Fayetteville National Cemetery Receives Donation

This is an archived article and the information in the article may be outdated. Please look at the time stamp on the story to see when it was last updated.

The Fayetteville National Cemetery has been a final resting place for veterans since 1867.

Thousands of veterans have been buried there, but space for future burials was limited. Now, thanks to a $3,000 donation, the cemetery can acquire additional land to ensure that there will be ample room in the future.

"It's important to be able to expand because there is only so much land, and there is only so much land adjacent to the cemetery and when it's available they have to be able to get it,” said State Rep. Charlie Collins, a Republican who represents District 84. "I'm just excited to be a part of it, to honor our veterans and to know that we are going to be able to continue to keep them here at the Fayetteville National Cemetery."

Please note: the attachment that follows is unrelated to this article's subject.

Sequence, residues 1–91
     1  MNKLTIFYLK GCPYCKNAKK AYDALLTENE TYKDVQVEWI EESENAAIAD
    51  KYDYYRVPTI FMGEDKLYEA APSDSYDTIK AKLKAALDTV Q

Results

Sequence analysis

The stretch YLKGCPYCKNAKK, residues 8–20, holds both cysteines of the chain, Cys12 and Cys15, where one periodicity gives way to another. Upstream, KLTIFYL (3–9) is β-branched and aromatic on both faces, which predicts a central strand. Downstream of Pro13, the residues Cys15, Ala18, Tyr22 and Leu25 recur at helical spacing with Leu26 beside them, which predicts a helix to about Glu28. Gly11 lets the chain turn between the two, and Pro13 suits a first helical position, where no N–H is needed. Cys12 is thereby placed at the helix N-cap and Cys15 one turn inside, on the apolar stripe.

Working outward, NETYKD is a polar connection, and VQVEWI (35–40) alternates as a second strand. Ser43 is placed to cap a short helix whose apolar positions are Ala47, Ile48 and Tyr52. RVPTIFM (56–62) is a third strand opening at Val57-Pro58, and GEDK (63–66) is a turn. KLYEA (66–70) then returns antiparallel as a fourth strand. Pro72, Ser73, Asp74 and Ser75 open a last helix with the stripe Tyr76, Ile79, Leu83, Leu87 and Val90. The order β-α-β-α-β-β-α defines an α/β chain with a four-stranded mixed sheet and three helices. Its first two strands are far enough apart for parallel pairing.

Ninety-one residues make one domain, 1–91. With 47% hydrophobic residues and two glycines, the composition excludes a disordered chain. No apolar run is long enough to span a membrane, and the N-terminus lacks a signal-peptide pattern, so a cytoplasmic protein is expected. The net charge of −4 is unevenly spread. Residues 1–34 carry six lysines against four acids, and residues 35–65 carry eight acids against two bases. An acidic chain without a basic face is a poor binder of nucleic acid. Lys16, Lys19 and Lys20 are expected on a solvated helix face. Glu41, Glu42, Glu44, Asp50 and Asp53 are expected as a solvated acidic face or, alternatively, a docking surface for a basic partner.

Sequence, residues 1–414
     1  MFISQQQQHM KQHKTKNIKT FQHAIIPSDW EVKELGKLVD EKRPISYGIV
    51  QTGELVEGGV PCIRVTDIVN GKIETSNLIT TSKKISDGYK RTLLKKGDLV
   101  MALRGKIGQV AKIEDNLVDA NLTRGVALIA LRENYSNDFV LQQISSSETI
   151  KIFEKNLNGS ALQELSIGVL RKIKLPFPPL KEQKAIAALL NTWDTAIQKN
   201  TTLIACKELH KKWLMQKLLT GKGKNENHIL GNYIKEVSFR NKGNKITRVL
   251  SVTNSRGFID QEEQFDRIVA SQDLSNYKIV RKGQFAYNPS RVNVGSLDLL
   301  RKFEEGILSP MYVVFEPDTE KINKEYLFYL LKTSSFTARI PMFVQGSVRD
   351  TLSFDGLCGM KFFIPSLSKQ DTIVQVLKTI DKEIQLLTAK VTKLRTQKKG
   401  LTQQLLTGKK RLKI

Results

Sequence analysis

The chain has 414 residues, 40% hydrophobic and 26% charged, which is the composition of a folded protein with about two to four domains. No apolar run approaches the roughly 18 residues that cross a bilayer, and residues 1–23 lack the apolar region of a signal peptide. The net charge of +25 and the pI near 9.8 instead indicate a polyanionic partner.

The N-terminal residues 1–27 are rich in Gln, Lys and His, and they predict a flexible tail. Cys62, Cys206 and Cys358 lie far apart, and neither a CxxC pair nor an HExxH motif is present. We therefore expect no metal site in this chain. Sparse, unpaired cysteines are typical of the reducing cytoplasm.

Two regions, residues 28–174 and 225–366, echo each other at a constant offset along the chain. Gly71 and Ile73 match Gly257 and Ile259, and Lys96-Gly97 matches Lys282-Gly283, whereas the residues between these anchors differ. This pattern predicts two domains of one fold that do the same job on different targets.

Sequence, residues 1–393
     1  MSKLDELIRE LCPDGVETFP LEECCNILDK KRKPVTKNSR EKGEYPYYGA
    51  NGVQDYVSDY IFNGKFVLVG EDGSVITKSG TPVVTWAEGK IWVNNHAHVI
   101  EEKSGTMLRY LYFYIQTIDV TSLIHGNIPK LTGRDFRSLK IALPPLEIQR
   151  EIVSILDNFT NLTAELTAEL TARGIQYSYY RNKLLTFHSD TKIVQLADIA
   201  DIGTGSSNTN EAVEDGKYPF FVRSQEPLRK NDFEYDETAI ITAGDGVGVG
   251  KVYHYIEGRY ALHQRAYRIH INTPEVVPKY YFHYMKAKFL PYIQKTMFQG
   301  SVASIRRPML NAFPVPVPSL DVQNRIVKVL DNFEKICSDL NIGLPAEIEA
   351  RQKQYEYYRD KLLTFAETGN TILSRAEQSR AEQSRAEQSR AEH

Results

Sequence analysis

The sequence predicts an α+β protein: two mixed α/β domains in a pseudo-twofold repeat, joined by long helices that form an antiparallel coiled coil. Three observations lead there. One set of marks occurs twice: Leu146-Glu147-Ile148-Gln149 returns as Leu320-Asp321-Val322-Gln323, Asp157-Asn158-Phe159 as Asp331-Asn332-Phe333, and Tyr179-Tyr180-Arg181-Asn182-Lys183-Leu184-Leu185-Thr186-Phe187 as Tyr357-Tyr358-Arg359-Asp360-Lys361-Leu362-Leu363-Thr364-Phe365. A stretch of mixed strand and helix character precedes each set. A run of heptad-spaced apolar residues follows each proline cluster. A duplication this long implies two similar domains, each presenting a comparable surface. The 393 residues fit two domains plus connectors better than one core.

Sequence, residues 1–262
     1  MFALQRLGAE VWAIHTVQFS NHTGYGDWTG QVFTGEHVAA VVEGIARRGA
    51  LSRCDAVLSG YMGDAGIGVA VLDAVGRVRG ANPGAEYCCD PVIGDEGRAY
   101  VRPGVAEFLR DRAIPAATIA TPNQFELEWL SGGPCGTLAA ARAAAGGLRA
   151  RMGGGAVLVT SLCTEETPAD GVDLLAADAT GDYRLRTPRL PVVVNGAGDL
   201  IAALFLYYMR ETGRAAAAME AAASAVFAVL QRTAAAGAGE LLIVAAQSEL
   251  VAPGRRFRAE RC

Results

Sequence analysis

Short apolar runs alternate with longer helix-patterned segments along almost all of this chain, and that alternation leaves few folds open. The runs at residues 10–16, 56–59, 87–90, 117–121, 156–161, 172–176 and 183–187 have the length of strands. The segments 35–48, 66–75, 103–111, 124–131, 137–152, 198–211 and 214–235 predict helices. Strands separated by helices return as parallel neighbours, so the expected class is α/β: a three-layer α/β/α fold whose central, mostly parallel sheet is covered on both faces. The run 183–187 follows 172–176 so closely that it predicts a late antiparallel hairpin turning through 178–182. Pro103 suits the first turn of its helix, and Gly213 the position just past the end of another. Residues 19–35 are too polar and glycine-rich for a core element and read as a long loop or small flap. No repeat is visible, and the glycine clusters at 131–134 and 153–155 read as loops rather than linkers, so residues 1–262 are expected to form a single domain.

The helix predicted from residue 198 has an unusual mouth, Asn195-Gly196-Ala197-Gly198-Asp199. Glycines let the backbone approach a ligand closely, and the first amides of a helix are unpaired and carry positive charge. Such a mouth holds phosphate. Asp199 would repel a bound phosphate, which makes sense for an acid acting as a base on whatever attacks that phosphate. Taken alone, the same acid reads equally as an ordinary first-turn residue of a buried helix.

Ron Butler, president of the Regional National Cemetery Improvement Corporation, said Collins played a huge rolein helping the RNCIC get the $3,000 project award from the Northwest Arkansas Economic Development District.

"We were close to being closed up,” Butler said. “That would have been terrible, that's all you can say. We are going to plot on, we're going to keep on going, we're going to shake pockets, whatever it takes, legally I guess, to get money to take care of this problem."

Several national cemeteries across the country do not have space for new burials and rely on donations, just like the Fayetteville National Cemetery.

"It's really important that we continue to honor our veterans and these groups that invest in making sure that our national cemeteries can continue to inter our heroes, they're just critical to America,” Collins said. “I think it's just great here in Arkansas and Fayetteville in particular that we've got Ron Butler and the other folks in his group that are so dedicated to this effort."